Formicidae, Hymenoptera, Insecta, Arthropoda, Animalia
Minor worker: head length 0.43mm, head width 0.42mm, scape length 0.35mm, Webers length 0.47mm (n=1). Head flattened behind, shallowly excavate; mesonotal suture absent; in profile, rear margin of promesonotum and dorsal face of propodeum forming an obtuse angle; propodeal spines moderately long, spiniform; face uniformly foveolate; pronotum smooth and shining; propodeal dorsum smooth and shining; katepisternum foveolate around margins, smooth and shining medially; side of propodeum foveolate dorsally, smooth and shining ventrally; first gastral tergum smooth and shining; dorsal pilosity sparse, moderately long, flexuous; color orange.
Major worker: head length 0.85mm, head width 0.69mm, scape length 0.36mm (n=1). Face foveolate throughout, overlain with subparallel, longitudinal rugae anteriorly, faint reticulate rugae posteriorly; antennal scrobes weakly present as shallow depressions beneath apices of scapes; hypostomal margin gently curved, with conspicuous median tooth, and a pair of similar sized teeth about one half distance from midline to recessed teeth flanking mandible bases (Figure); dorsal pilosity abundant; head with abundant, short, suberect setae projecting from sides of head in face view.
Costa Rica (Atlantic slope to 1000m).
Inhabits wet forest leaf litter; nests in soil or in dead wood on ground.
La Selva: Winkler samples.
Braulio Carrillo National Park: Winkler samples from 800-1000m.
Braulio Carrillo National Park (observation by Longino): 1100m elevation; dense, shaded second growth, mostly Cephaelis, along a stream bank. I watched a Simopelta raid on a Pheidole colony. A column of Simopelta workers extended from the leaf litter on one side of the trail, across the trail to a spot on the opposite bank. There the column ended at a spot where workers clustered. There was no superstructure to the Pheidole nest, and at first I saw no reason for the aggregation. After a few minutes, an alate Pheidole queen was pulled from a small hole and attacked. Soon thereafter, several other queens emerged, and some minor workers. Later a major worker appeared. All were attacked. For about 5 minutes the captive adults were pinned near the entrance to the nest. Rather suddenly, Simopelta workers began extracting brood from the nest, and the raiding column began to return. Brood, workers, and the alates were all carried away. The column disappeared into the leaf litter about 1m from the Pheidole nest, and I could not trace it beyond that point.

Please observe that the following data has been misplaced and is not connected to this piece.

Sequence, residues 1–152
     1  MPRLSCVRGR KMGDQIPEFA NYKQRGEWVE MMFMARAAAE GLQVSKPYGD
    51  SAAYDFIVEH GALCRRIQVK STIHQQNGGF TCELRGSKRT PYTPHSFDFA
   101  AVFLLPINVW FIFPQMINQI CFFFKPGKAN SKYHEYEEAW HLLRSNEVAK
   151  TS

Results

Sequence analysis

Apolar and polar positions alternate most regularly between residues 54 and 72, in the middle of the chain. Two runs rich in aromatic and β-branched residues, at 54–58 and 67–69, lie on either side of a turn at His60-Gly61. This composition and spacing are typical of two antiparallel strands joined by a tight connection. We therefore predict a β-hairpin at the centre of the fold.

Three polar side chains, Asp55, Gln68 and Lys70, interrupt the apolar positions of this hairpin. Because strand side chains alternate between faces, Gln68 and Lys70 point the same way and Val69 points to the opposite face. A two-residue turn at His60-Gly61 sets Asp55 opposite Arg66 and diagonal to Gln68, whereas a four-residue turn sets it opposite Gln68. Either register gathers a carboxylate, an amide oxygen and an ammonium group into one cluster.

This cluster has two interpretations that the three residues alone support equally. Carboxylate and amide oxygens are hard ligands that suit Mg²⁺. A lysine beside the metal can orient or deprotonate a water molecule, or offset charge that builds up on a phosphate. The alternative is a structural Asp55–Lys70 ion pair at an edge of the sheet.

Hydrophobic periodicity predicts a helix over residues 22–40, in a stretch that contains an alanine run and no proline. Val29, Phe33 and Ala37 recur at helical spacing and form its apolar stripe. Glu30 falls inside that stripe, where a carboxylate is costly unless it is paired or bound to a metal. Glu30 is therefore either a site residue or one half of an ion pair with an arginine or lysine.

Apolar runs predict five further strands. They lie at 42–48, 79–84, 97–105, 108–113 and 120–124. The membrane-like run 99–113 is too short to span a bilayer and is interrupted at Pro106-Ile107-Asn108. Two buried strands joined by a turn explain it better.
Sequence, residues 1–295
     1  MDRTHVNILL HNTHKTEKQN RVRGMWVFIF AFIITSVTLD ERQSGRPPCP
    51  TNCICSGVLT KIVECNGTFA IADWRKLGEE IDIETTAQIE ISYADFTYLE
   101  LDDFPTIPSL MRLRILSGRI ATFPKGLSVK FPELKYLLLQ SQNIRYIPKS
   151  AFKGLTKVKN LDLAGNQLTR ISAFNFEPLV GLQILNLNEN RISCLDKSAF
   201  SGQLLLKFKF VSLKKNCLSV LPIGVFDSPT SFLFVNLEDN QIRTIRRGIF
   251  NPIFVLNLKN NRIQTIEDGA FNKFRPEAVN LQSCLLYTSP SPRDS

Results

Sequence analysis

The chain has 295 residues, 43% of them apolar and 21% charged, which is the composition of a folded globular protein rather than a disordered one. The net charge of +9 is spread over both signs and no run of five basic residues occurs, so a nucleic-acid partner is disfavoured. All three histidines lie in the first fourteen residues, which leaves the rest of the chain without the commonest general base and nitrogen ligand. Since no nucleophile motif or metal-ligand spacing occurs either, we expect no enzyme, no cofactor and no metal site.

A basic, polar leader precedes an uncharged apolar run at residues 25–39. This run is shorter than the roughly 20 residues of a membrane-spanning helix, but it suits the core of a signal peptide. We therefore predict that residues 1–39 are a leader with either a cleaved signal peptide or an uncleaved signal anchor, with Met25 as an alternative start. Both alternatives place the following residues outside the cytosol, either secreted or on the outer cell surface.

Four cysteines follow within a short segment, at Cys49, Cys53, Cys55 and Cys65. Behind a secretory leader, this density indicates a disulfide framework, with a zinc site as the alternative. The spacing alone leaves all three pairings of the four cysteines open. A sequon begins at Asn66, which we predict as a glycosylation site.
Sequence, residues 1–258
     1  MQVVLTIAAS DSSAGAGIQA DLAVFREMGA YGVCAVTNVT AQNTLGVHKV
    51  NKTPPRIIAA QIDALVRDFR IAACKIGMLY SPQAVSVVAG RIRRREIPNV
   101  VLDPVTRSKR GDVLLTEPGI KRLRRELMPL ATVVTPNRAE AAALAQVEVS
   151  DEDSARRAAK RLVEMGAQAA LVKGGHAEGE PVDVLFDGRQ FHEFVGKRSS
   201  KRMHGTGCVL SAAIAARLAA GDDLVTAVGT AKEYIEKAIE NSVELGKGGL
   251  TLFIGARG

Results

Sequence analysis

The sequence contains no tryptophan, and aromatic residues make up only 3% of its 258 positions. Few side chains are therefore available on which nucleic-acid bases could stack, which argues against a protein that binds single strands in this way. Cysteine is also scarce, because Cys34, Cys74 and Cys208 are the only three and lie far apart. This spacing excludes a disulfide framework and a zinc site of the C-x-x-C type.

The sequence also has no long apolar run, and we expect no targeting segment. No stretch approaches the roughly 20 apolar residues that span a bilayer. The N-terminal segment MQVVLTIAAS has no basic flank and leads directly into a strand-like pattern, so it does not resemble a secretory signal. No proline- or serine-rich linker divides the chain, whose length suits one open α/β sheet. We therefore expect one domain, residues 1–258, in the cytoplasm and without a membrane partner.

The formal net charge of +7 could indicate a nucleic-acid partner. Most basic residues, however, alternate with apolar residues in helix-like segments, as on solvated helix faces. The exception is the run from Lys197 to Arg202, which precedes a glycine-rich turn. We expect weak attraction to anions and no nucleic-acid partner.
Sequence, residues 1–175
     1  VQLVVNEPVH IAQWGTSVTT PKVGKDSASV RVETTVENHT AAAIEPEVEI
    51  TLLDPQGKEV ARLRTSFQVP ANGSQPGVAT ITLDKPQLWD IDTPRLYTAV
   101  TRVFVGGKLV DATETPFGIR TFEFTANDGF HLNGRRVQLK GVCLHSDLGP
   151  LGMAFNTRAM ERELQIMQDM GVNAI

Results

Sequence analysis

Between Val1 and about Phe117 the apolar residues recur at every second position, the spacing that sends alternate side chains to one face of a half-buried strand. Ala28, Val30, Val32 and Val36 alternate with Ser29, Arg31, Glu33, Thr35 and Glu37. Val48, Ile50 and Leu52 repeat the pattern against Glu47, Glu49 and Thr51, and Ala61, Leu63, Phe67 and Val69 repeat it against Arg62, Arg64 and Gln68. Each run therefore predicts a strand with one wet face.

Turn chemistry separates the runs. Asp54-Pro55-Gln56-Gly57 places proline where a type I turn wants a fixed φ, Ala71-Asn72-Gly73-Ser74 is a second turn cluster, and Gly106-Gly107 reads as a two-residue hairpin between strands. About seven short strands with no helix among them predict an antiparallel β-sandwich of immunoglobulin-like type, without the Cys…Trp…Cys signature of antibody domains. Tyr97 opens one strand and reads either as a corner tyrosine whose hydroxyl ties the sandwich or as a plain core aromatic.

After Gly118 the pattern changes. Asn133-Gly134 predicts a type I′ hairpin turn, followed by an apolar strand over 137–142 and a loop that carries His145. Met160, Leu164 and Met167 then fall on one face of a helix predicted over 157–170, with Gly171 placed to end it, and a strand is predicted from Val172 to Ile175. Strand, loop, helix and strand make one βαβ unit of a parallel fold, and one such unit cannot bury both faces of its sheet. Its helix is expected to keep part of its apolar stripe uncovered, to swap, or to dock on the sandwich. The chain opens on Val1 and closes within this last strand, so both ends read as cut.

Penas Blancas Valley: Common in Winkler samples. Nest in dead stick lying on ground.
Guanacaste Conservation Area (Pitilla): Winkler sample.
John T. Longino, The Evergreen State College, Olympia WA 98505 USA. email@example.com
Stefan Cover, Museum of Comparative Zoology, Harvard University, Cambridge MA 02138 USA. firstname.lastname@example.org
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